Münzenberg believed that the rise of fascism proved the importance of his ideas about effective propaganda and the need for alliances — he had travelled a long way from his days as a sectarian youth leader. Even in the Weimar Republic, he had refused to use his hugely successful paper the World in the Evening (Welt am Abend) to convey the Comintern line that the Social Democrats were “social fascists,” every bit as bad as actual fascists; when the Nazis came to power on a propaganda blitz of papers, slogans, films, and rallies masterminded by Josef Goebbels, Münzenberg considered himself grimly vindicated. But as an independent-minded, arm’s-length operator, he was distrusted by the Communist leadership. Fatefully, Münzenberg vented some of his frustrations in a July 1933 letter to Stalin. The man who would later insist that the newspaper of the international Communist movement be called For a Lasting Peace, for a People’s Democracy! was obviously not interested in sophisticated media theory. From then on, Green argues, Münzenberg was a marked man, and the Soviet archives reveal that, in 1937, Stalin and a clearly ungrateful Dimitrov had decided to eliminate Münzenberg as a “Trotskyist.”
The German party in exile, meanwhile, clearly considered him too big for his boots; they struck when he published his 1937 book Propaganda as a Weapon. They were particularly affronted by his recognition of the profound psychological effect of Nazi propaganda, and the failure of the Left to effectively combat it. As Münzenberg had written to Stalin in 1933, the Nazis “imitate our exemplary films, and the methods and ways we have organized our celebrations and mass campaigns”; these media campaigns had, he pointed out, led to him “being dubbed an American rabble-rouser.” Worse, as Wilhelm Pieck — later a leader of the East German state — argued in a denunciation of the book, Münzenberg “makes no use of Marxism, but rather an idealistic-psychologising methodology.” Evidently, one defeated fascism by quoting from Marx and Engels and denouncing anyone who didn’t.
Münzenberg quit the party and set up an independent press on the Left that denounced the show trials and, especially, the Nazi-Soviet Pact in his last newspaper, The Future (Die Zukunft). During the fall of France in 1940, Münzenberg was found hanged under suspicious circumstances, in an obscure village; Green makes clear there is no hard evidence that he was murdered, though reminds the reader that both the NKVD and the Gestapo were watching him at all times. Münzenberg had quipped in 1937 that Stalin and his secret policemen would “shoot me as they have the others, then ten years later they’ll say they have made a big mistake.” In the end, it took more like twenty years before he was celebrated as a hero in East Germany, but elsewhere, he gradually came to be forgotten.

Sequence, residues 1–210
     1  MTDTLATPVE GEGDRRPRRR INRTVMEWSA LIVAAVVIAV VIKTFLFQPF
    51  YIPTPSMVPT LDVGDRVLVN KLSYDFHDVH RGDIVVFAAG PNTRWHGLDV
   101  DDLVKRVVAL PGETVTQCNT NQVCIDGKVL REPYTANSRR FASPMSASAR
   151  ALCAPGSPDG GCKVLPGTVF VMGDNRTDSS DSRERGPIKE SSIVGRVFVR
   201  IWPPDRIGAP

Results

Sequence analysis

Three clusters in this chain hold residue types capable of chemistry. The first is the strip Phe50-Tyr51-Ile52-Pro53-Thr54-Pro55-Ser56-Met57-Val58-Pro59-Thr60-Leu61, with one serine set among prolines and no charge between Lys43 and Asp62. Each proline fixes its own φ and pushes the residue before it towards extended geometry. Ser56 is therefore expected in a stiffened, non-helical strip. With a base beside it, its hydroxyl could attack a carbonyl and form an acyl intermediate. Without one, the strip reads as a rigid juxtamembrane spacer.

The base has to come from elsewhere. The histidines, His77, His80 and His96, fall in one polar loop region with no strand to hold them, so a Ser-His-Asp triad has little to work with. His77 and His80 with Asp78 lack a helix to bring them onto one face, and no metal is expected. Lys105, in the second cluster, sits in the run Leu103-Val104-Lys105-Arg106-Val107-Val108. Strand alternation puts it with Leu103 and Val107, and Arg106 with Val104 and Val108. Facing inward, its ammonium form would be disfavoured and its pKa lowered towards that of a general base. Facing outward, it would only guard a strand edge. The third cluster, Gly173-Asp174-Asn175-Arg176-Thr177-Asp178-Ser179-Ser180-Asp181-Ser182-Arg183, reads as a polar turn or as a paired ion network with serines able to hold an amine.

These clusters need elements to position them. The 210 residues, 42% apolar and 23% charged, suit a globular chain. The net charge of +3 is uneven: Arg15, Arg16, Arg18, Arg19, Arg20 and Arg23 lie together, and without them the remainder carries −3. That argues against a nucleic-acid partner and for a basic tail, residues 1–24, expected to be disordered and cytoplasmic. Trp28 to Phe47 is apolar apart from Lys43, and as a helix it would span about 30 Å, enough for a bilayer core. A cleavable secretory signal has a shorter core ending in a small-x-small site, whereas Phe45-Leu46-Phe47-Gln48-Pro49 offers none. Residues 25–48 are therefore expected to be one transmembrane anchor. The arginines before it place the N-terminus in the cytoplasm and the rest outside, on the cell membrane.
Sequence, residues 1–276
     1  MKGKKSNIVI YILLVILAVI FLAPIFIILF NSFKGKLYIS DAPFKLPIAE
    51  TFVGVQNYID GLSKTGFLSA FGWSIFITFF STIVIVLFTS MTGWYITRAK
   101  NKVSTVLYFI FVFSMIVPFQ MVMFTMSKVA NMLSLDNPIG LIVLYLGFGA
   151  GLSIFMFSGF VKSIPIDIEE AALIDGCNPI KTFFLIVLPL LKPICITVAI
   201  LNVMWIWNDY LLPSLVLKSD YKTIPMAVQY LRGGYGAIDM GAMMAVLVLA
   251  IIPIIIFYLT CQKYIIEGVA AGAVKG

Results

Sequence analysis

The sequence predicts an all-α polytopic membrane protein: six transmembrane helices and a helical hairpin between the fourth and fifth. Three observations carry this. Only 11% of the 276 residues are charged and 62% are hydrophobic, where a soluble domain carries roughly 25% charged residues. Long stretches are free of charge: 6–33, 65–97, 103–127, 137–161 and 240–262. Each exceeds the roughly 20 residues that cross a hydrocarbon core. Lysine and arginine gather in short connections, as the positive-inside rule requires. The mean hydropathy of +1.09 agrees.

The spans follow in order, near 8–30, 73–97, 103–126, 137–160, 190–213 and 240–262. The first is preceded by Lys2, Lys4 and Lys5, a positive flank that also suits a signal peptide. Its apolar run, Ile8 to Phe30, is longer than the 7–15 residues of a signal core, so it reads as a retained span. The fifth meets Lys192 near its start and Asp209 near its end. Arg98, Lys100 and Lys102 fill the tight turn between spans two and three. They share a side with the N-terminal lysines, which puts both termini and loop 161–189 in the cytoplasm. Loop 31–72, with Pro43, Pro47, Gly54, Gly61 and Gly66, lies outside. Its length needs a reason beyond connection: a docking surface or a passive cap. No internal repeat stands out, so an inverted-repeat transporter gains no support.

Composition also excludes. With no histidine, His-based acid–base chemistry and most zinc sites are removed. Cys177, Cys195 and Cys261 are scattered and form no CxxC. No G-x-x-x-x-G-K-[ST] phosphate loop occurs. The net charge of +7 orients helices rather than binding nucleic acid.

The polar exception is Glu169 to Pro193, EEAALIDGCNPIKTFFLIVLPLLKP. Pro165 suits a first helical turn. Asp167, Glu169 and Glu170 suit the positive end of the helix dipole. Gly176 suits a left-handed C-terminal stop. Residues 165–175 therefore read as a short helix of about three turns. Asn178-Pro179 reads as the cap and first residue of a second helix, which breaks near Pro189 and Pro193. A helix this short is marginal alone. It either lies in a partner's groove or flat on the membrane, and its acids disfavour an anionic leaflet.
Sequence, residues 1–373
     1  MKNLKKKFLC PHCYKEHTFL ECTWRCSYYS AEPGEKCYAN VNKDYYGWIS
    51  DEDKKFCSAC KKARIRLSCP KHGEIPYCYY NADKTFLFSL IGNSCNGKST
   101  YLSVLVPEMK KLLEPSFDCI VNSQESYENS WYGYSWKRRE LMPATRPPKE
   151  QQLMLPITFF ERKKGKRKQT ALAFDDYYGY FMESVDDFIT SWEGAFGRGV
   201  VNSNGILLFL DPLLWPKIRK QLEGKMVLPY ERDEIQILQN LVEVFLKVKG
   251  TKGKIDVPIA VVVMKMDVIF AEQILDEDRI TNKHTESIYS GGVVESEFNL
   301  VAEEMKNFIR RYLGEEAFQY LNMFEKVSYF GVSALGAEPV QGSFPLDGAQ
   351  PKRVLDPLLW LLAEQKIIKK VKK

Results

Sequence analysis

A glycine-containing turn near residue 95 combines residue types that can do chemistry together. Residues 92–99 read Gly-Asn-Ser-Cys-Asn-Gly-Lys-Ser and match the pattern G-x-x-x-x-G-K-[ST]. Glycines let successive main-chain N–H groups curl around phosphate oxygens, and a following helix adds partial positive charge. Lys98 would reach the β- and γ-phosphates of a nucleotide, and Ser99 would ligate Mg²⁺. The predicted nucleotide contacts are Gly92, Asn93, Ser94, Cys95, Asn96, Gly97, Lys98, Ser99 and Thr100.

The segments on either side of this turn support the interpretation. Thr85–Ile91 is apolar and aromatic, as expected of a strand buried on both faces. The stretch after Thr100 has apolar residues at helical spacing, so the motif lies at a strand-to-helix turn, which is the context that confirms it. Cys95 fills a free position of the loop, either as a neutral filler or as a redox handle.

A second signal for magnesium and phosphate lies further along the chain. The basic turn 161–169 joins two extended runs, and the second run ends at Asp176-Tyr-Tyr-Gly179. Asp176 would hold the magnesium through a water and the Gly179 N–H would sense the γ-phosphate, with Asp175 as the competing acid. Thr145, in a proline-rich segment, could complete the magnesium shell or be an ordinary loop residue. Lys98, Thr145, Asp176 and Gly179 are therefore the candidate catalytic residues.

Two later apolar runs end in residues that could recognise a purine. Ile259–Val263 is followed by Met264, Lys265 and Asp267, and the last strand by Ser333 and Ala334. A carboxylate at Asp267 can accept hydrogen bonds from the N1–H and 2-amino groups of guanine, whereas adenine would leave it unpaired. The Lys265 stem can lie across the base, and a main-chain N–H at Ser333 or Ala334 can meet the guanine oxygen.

His contacts in Britain included Labour MPs like Ellen Wilkinson, George Lansbury, and Aneurin Bevan, with whom Münzenberg once travelled around the United States on a speaking tour to raise awareness of the danger of fascism; as Green reveals in an intriguing chapter on the British secret service’s monitoring of Münzenberg, the Labour Party leadership proscribed International Workers Aid–linked organizations and reported on members who had dealings with them to MI5. But the British left has never really gone in for building institutions in the way IAH did; there has long been a suspicion of the dark arts of media, film, television, and such.
The sale of the Daily Herald by the trade unions in the ’60s left the Morning Star as the British left’s only daily newspaper. In other countries, the 1968 left created lasting media around dailies like Tageszeitung, Il Manifesto, and Liberation, but here, the only survivor of the New Left’s publications is Time Out, which after most of its staff were sacked gradually declined into its current status as a tourist freesheet. This makes the story of German Communist media very striking — it fought with the enemy’s own weapons, and did so, for a time, very successfully indeed.
The story of Willi Münzenberg is, in some ways, rooted in its time — the cult of the USSR, the huge funding that came with Comintern affiliations, and the novelty of photography and film, which are now entirely normal media that everyone is immersed in from birth. If we were to try something similar, it would look different and use different platforms and different technologies. But Münzenberg’s career as Marxist mogul shows us just some of the scale of what we can do when we decide to make our own media rather than complain about somebody else’s.